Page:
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Filed under Authenticity, christianity, comfort zone, commitment, Compromise, culture, faith, obedience, parenting, priorities, sacrifice

My Dad’s A Speeder, Officer!


My friend and his family were headed to the mountains to ski one weekend.  They were making the trip with another family from their neighborhood, and everyone was excited about getting to the slopes.  Excitement turned into anxiety, however, when my friend noticed the red, flashing lights of a police car in his rearview mirror.  The police officer pulled both vehicles over and went to my friend’s car first.

“Sir, are you aware of why I stopped you?”

“Yes, sir, officer.  I was speeding.”

From the back seat came the vociferous voice of his five-year-old daughter, “My daddy’s a speeder, Officer!  He speeds all the time.  I tell him not to but he does it anyway.  You should arrest him, Officer.”

The police officer looked down at his ticket pad and began to chuckle.  “Wait here for a minute,” he said and returned to his squad car.

While the officer was at his car, my friend’s wife tried to convince her daughter to be quiet.  Despite the possibility of a ticket, my friend told his daughter, “No, it’s okay.  I was speeding, and I shouldn’t have been.”

A few minutes later, he returned and knocked on the daughter’s window.  When her parents lowered it, the officer asked, “Young lady, is your daddy a speeder?”

“Yes he is.  He does it all the time even though I tell him not to.  You should take him to jail!”

The police officer gave my friend’s daughter a police badge sticker and told her to make sure her daddy doesn’t speed anymore.  To my friend he said, “You know, it’s been a long time since I laughed at a traffic citation stop.  You’re off the hook for this one.”

Between the two families, a daughter’s candidness saved them over $500 in fines.  I guess honesty does pay.

(S – A special thanks to Sydney Epstein for keeping her daddy honest.)

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Filed under accountability, Authenticity, character, family, funny, guilt, humor, Just for fun, parenting, rules, submission

On Solid Rock


I have a friend who once had his house jacked so that it was supported by bedrock rather than clay.  He shared with me that his house is now all “womperjawed” (yes, he’s from Texas).  Not a thing in the house is square – but it’s solid.  His house had been founded on clay so long that everything had shifted over time.  In fact, much of it was square before he jacked it, because it had all shifted together.  It looked good and felt comfortable, but it wasn’t solid.

When my friend made the decision to jack the house to found it on bedrock, he gave up the comfort and aesthetics he had before.  His house doesn’t look as good as it once did, but now it’s solid and will stand the test of time.

What a great analogy for what happens to our lives when we accept Christ and anchor our lives to the Rock.  When we accept Christ, the people around us  start to realize that we don’t have it all together like we used to pretend that we did.  Our flaws begin to show, but we can rejoice in that!  God doesn’t waste anything.  He uses our flaws as much or more than He uses our strengths to accomplish His purposes.  We can afford to be vulnerable with people and let them see how “womperjawed” we are, because we’ve got a solid foundation.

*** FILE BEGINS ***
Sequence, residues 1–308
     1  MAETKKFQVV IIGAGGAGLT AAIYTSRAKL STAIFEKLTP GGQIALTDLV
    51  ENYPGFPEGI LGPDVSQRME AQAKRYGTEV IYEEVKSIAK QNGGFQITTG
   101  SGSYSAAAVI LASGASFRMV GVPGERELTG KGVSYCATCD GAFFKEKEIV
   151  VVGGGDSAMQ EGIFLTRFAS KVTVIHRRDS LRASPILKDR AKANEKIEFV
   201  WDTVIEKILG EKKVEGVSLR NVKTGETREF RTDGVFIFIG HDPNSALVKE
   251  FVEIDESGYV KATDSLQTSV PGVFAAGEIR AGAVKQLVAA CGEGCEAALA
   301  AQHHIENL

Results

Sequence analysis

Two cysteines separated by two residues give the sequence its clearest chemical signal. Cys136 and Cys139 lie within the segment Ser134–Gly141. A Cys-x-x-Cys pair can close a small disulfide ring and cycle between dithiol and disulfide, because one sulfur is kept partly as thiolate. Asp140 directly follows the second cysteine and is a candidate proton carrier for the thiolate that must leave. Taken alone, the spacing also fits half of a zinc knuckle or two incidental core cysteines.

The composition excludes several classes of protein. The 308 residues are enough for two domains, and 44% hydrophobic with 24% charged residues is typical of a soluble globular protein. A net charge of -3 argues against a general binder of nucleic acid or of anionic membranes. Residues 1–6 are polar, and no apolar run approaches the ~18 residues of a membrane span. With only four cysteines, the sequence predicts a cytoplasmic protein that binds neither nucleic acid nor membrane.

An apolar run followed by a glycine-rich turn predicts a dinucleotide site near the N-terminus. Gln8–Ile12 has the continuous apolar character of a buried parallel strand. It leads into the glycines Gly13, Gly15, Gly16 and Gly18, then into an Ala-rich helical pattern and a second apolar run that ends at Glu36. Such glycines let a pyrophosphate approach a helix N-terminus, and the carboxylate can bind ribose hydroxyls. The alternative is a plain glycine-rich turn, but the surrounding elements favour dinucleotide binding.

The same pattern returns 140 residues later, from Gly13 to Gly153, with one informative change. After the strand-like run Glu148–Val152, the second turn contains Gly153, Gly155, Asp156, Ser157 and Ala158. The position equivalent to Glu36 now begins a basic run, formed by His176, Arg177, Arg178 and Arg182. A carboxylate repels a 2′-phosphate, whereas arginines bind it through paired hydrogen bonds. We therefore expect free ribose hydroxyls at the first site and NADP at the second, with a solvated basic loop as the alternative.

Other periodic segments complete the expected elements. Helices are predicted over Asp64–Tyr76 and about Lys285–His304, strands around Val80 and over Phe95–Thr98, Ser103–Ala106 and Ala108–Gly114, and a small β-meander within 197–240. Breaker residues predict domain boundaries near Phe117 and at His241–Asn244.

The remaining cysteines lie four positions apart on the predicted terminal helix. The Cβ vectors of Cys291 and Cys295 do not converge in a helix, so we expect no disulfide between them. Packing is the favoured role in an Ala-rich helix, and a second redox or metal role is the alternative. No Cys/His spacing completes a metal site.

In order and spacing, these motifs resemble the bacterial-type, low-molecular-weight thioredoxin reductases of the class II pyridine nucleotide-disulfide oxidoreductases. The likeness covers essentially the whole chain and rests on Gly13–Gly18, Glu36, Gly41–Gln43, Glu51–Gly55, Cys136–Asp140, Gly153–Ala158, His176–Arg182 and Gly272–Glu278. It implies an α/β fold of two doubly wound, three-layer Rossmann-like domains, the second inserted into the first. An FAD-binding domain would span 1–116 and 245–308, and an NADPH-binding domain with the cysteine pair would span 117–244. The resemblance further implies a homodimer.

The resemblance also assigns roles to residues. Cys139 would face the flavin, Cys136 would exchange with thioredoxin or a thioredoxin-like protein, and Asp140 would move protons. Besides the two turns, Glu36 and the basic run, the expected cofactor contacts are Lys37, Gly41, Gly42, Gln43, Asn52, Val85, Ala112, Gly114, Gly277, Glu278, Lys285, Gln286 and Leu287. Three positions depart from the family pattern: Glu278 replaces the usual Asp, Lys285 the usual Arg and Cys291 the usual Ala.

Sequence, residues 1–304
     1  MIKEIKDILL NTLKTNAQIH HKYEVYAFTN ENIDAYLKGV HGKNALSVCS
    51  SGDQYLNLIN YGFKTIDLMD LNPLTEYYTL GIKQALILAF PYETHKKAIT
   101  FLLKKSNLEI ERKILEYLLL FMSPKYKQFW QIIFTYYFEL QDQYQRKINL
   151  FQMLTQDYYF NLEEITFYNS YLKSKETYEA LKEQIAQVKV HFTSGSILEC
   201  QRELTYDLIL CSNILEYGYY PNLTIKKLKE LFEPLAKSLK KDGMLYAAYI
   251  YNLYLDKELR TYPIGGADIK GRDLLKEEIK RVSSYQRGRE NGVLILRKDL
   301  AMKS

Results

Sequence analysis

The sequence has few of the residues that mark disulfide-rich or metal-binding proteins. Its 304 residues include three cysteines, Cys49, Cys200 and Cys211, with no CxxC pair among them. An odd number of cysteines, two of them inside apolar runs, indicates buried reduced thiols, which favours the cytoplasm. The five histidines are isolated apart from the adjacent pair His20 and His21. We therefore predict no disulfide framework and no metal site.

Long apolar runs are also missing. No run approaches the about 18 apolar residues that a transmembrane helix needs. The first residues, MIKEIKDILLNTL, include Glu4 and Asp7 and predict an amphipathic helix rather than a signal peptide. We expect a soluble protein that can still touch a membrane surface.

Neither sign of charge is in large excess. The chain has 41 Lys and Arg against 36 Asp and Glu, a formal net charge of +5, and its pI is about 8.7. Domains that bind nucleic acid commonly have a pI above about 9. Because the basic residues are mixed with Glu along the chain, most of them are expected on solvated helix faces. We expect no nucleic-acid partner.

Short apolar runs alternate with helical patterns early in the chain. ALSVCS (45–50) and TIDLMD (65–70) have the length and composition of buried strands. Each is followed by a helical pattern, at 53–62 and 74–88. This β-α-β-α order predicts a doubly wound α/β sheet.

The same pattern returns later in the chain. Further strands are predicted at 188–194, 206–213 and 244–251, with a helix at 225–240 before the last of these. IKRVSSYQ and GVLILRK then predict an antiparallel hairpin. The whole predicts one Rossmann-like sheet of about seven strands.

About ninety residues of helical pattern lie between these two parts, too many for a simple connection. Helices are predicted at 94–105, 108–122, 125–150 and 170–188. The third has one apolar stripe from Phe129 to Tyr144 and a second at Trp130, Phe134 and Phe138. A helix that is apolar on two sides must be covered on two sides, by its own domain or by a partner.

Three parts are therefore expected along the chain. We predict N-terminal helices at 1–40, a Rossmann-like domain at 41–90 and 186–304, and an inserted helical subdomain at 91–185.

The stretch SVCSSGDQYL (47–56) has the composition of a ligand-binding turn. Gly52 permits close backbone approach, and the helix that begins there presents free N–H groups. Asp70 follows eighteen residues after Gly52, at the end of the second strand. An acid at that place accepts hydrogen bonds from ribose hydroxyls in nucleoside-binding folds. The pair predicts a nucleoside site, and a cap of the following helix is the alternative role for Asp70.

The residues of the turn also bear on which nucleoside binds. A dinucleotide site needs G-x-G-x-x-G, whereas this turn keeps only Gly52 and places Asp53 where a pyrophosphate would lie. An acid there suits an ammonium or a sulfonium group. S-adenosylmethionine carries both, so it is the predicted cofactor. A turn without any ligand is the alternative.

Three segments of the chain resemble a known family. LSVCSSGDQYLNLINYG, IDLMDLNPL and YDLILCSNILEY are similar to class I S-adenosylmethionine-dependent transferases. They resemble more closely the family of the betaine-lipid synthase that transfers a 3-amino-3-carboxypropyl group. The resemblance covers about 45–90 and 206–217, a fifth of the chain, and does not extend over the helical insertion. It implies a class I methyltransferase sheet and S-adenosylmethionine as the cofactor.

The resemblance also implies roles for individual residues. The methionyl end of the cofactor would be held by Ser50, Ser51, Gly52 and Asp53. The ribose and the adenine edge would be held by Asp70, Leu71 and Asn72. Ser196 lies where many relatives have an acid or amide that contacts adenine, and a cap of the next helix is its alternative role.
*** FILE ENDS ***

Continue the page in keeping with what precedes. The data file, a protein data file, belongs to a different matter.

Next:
“Square” is overrated.  It’s better to be a mess with a message than to be “perfect” without a prayer.

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Filed under Authenticity, belief, Change, christianity, Salvation, sanctification

The Elephant in the Room


elephant-in-room

Ever had the experience of having an “elephant in the room?”  It’s what happens when there is something big and disturbing that we all know about but won’t discuss.  We stress over it; we pretend it’s not there; we go to great lengths to maneuver around it… all because we don’t know how to deal with it.

It’s Christmas, and many families will be gathering together to celebrate the holiday while simultaneously trying to step around the elephants that have accumulated in their relationships. Hoping for peace on earth and goodwill toward each other, they will bite their tongues as they enjoy Christmas dinner.  And doing their best to ensure a silent night, they will stick to only the safest topics for conversation.

Isn’t it exhausting?  Wouldn’t it be nice if we could all just be honest about the elephants?  And have we ever stopped to think about exactly how much elephant maintenance is costing us? The longer an elephant is allowed to stay, the more trust he eats.  The more trust he eats, the bigger he gets and the harder it is to get rid of him without doing some major damage to the relationships.

What if we sacrificed some of that peace and silence to do some important and needed work on our relationships this Christmas?  What if we prayed for God’s healing before our guests arrived or before we went over the river and through the woods to Grandmother’s house?  What if we humbled ourselves to be the first one to say, “I’m truly sorry,” to those who feel hurt?  What if we decided to put some forgiveness under the tree?

Maybe we could save our money this year, and purchase a gift that will only cost us our pride and the risk of stepping out of our comfort zone (and maybe a thrown plate or two).  Wouldn’t it be worth it?  Even if it ends in disaster (and I’m aware that it’s a good possibility with some of our families), the attempt would be precious to God, and there is no way to know how He will eventually use your sacrifice.

Blessings to you and yours!

Merry Christmas!

Michael


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Filed under accountability, agape love, Authenticity, Challenges, Christmas, comfort zone, communication, family, Interpersonal, love, overcoming obstacles, Relationships